- Chad Radford
- Obligatory iPhone photo from Goblin's show at the Loft Oct. 1
So my Tuesday night went like this: Goblin totally slayed the Loft. The show was a lot of fun, and I saw people whom I have not seen in a decade. It was a huge celebration - nothing but hugging and spilling drinks on each other all night. Everyone was happy to be there. Goblin played the hits, running through themes from the Dawn of the Dead
, and Deep Red
soundtracks - everything that everyone in the sold out room wanted to hear, and the group fed off the enthusiasm in the air till the end. On stage, Goblin stumbled a bit on a few of the intros, and didn't quite have their stage presence together yet, but it was, after all, the first show of their first North American tour. Atlanta got nearly two hours of raw Promethean energy and Italian horror in the music last night, and that eclipsed everything. And if anything, Massimo Morante (guitar and occasional vocals) and Claudio Simonetti's (keyboards) broken English as they addressed the crowd, proclaiming "Our first fans were your parents!" was completely endearing, and added yet another level of complexity and fun to the show.
Stay tuned, as we'll have a proper gallery of images from Goblin's show posted soon.
- Chad Radford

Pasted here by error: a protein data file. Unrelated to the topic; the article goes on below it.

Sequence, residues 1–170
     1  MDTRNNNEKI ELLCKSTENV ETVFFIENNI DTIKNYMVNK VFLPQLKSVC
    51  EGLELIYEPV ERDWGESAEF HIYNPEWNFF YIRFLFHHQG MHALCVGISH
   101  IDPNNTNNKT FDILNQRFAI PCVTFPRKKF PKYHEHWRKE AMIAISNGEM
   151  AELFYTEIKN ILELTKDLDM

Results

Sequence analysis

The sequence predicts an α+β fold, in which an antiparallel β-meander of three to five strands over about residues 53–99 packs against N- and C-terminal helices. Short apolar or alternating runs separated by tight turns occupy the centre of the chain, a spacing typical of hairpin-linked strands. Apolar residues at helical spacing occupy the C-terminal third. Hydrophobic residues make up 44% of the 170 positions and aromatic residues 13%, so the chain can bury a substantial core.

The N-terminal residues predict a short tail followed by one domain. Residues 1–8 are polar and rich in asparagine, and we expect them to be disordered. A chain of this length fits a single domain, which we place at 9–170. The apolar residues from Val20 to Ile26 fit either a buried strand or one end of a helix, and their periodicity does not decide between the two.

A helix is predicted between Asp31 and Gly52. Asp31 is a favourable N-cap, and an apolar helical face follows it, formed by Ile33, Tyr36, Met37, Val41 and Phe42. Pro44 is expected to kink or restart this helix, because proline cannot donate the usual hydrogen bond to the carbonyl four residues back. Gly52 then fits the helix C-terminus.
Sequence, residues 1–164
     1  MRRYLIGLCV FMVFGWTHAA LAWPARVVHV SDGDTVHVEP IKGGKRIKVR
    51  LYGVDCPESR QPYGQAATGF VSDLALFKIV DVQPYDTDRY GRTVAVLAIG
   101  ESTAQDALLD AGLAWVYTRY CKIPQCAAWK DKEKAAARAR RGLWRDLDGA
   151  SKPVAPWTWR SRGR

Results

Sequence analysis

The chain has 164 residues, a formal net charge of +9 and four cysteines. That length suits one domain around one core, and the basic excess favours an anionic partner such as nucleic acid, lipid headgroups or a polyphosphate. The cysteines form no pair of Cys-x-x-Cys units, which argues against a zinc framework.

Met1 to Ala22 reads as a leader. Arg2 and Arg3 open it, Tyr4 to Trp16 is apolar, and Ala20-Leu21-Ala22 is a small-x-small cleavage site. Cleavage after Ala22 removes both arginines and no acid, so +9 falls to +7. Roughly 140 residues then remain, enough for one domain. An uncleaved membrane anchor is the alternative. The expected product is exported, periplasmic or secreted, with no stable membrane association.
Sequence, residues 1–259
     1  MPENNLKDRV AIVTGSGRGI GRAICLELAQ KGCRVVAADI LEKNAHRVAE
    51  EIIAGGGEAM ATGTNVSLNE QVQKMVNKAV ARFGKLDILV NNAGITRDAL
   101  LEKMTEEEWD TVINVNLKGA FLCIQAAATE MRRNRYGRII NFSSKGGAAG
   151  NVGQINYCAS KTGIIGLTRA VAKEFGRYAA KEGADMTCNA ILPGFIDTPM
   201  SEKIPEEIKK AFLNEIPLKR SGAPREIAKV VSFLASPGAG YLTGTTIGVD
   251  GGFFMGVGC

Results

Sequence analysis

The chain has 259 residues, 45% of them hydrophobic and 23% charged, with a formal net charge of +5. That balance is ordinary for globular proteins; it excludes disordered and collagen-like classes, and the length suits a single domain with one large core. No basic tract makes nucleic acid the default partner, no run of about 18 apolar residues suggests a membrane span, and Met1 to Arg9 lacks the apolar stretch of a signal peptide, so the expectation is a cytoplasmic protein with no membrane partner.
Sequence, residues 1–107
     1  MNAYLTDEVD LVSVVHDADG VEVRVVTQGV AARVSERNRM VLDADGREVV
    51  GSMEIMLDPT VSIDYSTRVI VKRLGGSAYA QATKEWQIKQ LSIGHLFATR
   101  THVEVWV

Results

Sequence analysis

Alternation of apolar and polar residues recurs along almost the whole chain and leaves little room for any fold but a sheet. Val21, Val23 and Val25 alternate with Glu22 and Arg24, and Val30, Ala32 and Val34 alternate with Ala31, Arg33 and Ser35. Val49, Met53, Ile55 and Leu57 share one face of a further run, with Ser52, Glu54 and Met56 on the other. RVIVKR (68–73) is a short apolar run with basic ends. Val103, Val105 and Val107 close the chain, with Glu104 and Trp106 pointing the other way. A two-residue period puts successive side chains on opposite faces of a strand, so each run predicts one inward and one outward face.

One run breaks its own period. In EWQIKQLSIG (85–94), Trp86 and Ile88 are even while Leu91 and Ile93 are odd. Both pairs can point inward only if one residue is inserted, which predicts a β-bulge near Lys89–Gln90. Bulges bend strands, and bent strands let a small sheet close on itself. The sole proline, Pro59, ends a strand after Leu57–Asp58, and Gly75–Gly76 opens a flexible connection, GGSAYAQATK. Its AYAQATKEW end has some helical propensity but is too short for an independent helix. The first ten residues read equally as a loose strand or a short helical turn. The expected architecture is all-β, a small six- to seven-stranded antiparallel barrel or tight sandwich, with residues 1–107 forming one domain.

- BODY/HEAD: Kim Gordon (from left) and Bill Nace.
Later at the Earl, Body/Head featuring Kim Gordon and Bill Nace took things down a notch. As each of the former(?) members of Sonic Youth step out on their own, it's becoming increasingly clear what exactly each one of them brought to the group, Kim Gordon not withstanding. The show at the Earl was a mellow but noisy and totally introspective set, filled with both carnal and sentimental ambiguity. The bold and compelling tension in the air was a complete 180 from what Goblin brought to the stage.
As Body/Head wrapped up I made my way to 529 where I saw a young lady that I know sitting at the bar. I asked who was performing. She said it's some "demon voice exorcism thing." So I thought I'd better check it out! It was a one-man noisy beat-driven project called Ginko from Athens. I stood with my arms crossed and my back against the wall as he writhed around on the floor in an ecstatic state, hugging a stuffed animal while twisting and stretching out of a Gollum-like fetal position. At one point he stumbled over and kissed me on the cheek.